On a Holy Night in 1969

On a holy night
In 1969,
In an Inn, also known as a bar,
Called the Stonewall Inn,
A basement—
which had no running running water,
Nor safe fire exits—
Queer people, of many colors and kinds,
Danced together,
For it was the only place
Where they were allowed to dance,
At least, permitted to, by the mafia who ran the Inn.

In those days,
It was common for the police to frequent this Inn,
No to join in the dance, the underground celebration,
But to send the dancers home and make arrests.
When they would arrive,
The lights would go on,
The people would be lined up,
And then
All those in drag,
All those who were trans,
All those without proper identification:
They were arrested and taken into custody.

But on this holy night,
That early morning of June 28,
The people said “not tonight.”
As they called to them to line up,
The transwomen refused to go.
And as they police began to beat and arrest them,
And as the people spilled out from the bar on to the street,
Christopher St,
A crowd grew to watch.
And then,
As transwomen, lesbians, and gay men were getting arrested,
A yell came from the crowd: “Gay Power.”
And as a transwoman was shoved,
She shoved back and the crowd began throwing bottles at the wagon,
And suddenly it erupted.
For once the people didn’t line up;
For once the people said “no more; we've had enough.”
It was almost as if, that night,
being pulled out of the darkness of the underground at Stonewall Inn
One too many times,
They said, “I’m ready to be seen.”

On this holy night, when the power of the oppressed rippled through the streets of New York,
When queer people said, No more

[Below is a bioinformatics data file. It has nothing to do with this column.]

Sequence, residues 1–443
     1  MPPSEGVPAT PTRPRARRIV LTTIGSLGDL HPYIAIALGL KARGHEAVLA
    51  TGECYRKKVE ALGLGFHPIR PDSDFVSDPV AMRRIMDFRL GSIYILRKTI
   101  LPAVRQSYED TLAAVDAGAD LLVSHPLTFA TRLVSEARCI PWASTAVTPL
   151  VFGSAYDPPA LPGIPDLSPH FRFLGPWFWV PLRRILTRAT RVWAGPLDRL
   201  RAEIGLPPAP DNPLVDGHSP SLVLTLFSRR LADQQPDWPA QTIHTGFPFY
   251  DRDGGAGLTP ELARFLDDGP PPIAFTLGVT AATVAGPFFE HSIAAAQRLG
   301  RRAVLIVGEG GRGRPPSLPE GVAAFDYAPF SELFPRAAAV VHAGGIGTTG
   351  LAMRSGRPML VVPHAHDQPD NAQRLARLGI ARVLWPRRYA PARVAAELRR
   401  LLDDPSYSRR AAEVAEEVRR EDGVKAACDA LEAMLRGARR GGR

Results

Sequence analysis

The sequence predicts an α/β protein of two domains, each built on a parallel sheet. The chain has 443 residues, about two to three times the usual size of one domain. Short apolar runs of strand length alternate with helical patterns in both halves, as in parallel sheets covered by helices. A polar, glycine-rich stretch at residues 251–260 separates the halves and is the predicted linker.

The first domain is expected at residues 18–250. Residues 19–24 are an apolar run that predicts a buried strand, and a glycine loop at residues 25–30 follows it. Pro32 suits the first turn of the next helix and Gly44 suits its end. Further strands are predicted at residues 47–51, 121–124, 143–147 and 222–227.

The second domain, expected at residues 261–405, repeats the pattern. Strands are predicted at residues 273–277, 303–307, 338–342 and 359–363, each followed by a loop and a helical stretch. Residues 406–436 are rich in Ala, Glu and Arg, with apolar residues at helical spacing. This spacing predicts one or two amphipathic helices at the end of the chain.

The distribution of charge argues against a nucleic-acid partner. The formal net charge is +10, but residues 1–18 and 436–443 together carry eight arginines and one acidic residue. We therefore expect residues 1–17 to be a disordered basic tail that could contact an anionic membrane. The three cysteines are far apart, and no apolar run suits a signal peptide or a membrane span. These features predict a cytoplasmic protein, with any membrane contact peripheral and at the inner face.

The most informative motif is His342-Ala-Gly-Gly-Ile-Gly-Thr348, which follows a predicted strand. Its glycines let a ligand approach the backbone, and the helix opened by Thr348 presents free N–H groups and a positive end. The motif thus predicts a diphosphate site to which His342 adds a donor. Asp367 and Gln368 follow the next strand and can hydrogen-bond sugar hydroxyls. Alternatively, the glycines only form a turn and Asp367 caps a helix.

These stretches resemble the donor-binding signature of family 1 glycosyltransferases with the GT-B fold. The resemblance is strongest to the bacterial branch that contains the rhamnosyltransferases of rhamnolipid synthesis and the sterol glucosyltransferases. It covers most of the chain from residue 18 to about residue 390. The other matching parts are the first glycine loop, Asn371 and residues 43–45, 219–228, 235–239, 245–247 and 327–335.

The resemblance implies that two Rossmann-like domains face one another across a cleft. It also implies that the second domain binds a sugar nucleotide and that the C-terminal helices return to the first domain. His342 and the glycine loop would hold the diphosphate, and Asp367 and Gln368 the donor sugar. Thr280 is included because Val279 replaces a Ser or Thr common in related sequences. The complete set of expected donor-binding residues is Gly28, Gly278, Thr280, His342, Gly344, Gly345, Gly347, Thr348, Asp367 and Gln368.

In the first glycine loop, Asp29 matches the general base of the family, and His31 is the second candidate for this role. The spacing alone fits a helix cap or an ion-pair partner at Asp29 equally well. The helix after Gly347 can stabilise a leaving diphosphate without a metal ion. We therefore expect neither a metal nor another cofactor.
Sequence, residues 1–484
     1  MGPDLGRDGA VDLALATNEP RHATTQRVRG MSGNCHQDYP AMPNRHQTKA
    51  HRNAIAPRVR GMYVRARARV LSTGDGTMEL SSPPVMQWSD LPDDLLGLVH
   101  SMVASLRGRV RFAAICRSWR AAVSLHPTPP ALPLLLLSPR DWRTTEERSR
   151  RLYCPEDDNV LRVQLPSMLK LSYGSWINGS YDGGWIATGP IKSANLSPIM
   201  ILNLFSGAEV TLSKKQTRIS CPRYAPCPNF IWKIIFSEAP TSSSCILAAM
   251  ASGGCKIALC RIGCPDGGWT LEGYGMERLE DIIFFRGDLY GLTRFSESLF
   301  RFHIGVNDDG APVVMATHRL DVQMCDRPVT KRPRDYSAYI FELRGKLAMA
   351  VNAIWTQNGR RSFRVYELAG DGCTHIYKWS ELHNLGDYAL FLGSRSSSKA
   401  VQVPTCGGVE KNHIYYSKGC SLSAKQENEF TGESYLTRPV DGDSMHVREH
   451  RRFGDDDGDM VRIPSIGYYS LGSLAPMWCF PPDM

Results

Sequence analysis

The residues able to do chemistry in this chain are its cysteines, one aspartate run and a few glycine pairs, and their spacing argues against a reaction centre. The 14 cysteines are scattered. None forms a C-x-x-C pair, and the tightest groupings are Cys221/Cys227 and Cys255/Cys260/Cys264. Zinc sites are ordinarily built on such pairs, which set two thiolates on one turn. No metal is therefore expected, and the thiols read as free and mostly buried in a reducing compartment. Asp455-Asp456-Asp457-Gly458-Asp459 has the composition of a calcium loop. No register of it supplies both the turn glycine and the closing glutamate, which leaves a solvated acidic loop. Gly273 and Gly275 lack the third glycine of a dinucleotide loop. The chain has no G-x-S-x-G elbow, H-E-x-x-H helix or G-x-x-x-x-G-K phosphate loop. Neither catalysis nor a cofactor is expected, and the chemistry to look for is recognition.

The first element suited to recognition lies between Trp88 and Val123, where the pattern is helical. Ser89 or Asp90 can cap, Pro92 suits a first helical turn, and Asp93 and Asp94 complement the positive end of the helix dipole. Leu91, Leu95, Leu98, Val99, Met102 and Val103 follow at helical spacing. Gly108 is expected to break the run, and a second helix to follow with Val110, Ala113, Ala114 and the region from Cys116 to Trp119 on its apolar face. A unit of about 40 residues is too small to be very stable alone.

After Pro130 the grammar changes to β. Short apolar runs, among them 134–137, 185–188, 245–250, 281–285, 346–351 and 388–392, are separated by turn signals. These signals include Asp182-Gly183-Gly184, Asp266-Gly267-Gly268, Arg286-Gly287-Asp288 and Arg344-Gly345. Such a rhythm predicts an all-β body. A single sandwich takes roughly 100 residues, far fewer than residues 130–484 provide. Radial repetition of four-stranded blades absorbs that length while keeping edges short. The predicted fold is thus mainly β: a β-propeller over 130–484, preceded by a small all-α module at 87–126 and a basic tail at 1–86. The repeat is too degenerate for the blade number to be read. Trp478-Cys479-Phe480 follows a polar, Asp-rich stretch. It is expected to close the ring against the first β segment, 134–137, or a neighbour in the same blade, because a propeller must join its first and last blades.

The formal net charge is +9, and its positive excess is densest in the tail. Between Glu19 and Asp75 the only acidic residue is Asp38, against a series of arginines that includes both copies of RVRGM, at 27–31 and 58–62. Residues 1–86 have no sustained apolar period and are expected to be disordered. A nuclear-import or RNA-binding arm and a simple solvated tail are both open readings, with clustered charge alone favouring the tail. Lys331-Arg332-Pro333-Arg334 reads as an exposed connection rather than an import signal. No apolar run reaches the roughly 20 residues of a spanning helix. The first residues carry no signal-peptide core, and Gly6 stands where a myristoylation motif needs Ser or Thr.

Our world would never be the same.

Fifty years ago,
It was illegal to be gay, to be trans, to dance and to love and to celebrate.
And now, only fifty years later,
Here we are celebrating at a church.
Gay and straight together?
Queer and straight together?
Trans and cis together?
All in this together.

And so as we hear these stories of life and love and defiance and celebration,
Let us also remember and pay tribute to our movement ancestors,
Many of them transwomen of color who led the first rebellion that night.
You see, Pride is a celebration of that anniversary:
the anniversary of that riot, at the Stonewall Inn in New York city. A holy night.

So Happy Pride.
Welcome to this joyful celebration,
Bring your whole selves
Your gay
Queer selves
Your drag queen
Butch and femme
And all the other identities
That are and will be
And let’s have a celebration,
Because joy is a rebellion, too.
And this church is Queer;
Queer and fabulous.

Let us begin!

About the Author

Otto O'Connor

Rev. Otto O'Connor has served the First Parish in Malden, Massachusetts since 2017. He is a white, openly transgender man from Canada, and lives in Malden with his wife, Amy, and their 5-month-old baby.

For more information contact .

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